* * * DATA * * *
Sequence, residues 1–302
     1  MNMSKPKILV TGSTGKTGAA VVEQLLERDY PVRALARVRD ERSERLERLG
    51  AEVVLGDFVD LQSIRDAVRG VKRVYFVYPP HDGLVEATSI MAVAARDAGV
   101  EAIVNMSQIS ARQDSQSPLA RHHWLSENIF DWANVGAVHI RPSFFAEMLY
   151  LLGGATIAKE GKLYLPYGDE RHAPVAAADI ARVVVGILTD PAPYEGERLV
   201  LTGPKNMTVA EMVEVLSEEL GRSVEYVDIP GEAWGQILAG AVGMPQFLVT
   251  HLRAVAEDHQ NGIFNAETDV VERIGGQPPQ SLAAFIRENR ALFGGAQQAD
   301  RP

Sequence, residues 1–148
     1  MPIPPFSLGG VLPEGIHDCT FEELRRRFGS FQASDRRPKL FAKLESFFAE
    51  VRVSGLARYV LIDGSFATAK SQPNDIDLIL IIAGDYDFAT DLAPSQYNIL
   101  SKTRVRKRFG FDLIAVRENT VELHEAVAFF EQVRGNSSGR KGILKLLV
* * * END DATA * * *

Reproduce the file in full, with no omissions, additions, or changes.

Sequence, residues 1–302
     1  MNMSKPKILV TGSTGKTGAA VVEQLLERDY PVRALARVRD ERSERLERLG
    51  AEVVLGDFVD LQSIRDAVRG VKRVYFVYPP HDGLVEATSI MAVAARDAGV
   101  EAIVNMSQIS ARQDSQSPLA RHHWLSENIF DWANVGAVHI RPSFFAEMLY
   151  LLGGATIAKE GKLYLPYGDE RHAPVAAADI ARVVVGILTD PAPYEGERLV
   201  LTGPKNMTVA EMVEVLSEEL GRSVEYVDIP GEAWGQILAG AVGMPQFLVT
   251  HLRAVAEDHQ NGIFNAETDV VERIGGQPPQ SLAAFIRENR ALFGGAQQAD
   301  RP

Sequence, residues 1–148
     1  MPIPPFSLGG VLPEGIHDCT FEELRRRFGS FQASDRRPKL FAKLESFFAE
    51  VRVSGLARYV LIDGSFATAK SQPNDIDLIL IIAGDYDFAT DLAPSQYNIL
   101  SKTRVRKRFG FDLIAVRENT VELHEAVAFF EQVRGNSSGR KGILKLLV